|4||Stretch strength||4.8 km run||35 min cross training||3.2km run + strength||Rest||50 min cross training||6.5 km run|
|5||Stretch strength||4.8 km run||40 min cross training||3.2km run + strength||Rest||60 min cross training||7 km run|
|6||Stretch strength||4.8 km run||40 min cross training||3.2km run + strength||Rest||60 min cross training||8 km run|
|7||Stretch strength||4.8 km run||45 min cross training||3.2km run + strength||Rest||60 min cross training||9 km run|
|8||Stretch strength||4.8 km run||30 min cross training||6.5 km run||Rest||Rest||10-K Race|
Intermediate – wanting to improve your time (1mile =1.6km)
Advanced – looking for peak performance in the race (1mile =1.6km)
VO2 max is a term commonly used by runners to assess your body’s efficiency in processing atmospheric oxygen. It is the maximum volume (V) of oxygen (O2) in milliliters that you can use in one minute, per kilogram of body weight, while breathing air at sea level.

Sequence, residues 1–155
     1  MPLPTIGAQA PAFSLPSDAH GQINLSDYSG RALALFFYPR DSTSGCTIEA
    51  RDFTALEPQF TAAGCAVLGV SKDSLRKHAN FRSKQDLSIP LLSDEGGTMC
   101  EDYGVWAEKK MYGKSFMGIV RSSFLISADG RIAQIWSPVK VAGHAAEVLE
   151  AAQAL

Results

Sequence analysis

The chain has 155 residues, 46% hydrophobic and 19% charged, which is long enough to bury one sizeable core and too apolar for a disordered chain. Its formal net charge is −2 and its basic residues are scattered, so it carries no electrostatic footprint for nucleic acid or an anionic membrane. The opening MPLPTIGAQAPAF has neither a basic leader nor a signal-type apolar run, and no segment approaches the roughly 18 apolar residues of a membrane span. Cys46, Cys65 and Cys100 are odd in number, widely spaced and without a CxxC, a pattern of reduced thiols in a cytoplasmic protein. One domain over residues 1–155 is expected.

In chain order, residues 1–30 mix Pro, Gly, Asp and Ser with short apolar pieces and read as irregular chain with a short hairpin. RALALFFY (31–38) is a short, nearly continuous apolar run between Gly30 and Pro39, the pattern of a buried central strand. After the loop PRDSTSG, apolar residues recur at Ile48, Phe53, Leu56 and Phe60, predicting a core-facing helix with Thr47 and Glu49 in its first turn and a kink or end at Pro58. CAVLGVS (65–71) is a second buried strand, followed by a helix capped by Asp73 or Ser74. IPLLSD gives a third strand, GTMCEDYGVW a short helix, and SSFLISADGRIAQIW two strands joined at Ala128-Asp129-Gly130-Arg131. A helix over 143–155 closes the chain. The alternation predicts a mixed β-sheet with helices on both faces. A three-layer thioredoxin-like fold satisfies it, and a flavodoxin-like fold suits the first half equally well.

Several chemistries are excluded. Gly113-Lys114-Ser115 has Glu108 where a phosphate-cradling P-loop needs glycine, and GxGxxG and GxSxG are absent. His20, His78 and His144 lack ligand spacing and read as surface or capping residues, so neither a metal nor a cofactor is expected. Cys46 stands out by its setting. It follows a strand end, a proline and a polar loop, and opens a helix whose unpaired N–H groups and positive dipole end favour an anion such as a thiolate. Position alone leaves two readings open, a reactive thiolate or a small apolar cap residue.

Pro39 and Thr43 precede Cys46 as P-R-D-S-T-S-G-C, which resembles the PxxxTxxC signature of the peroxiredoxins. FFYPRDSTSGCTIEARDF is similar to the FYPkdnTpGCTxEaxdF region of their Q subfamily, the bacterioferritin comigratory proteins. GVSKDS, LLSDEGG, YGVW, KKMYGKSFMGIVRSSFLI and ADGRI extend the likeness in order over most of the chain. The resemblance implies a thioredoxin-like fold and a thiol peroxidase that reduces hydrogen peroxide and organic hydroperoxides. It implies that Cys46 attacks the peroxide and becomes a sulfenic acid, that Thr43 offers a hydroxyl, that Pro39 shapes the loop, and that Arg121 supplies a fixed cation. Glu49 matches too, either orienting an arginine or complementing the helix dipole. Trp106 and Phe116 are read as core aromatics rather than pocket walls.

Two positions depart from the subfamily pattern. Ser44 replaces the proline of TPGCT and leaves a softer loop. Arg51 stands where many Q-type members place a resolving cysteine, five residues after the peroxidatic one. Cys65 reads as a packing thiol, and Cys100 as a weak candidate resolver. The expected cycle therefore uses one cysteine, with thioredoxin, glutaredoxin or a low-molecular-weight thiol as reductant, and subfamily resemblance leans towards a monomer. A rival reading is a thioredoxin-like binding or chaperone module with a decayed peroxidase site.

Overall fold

Knowing your VO2 Max is good for those keen on testing and improving on their personal fitness. Still others will use that piece of information to assess how they compare to others (“standards”) who are doing their same sport. By knowing what your current VO2 Max is, you can objectively assess your progress as you improve your cardiovascular fitness.
VO2 Max of an average male 20-29 years of age is: 38-43.
VO2 Max of endurance cyclists or runners: >75 ml/kg/min.
Highest VO2 Max ever recorded for a man: 94 (Nordic skier)
Highest VO2 Max for a women: 77 (Also Nordic skier)
Check out your VDOT level from your most recent ‘race’ and try and approximate pace for longer or shorter distances as your ‘race pace. See this table
To improve your stamina, pace and VO2 MAX try this simple 7 week plan:
|1.||30 - 45 mins cross training||Run/Walk 5km||3 repeats 400m||Temp run 30 mins||Rest||4 km medium pace||long slow run 6 km|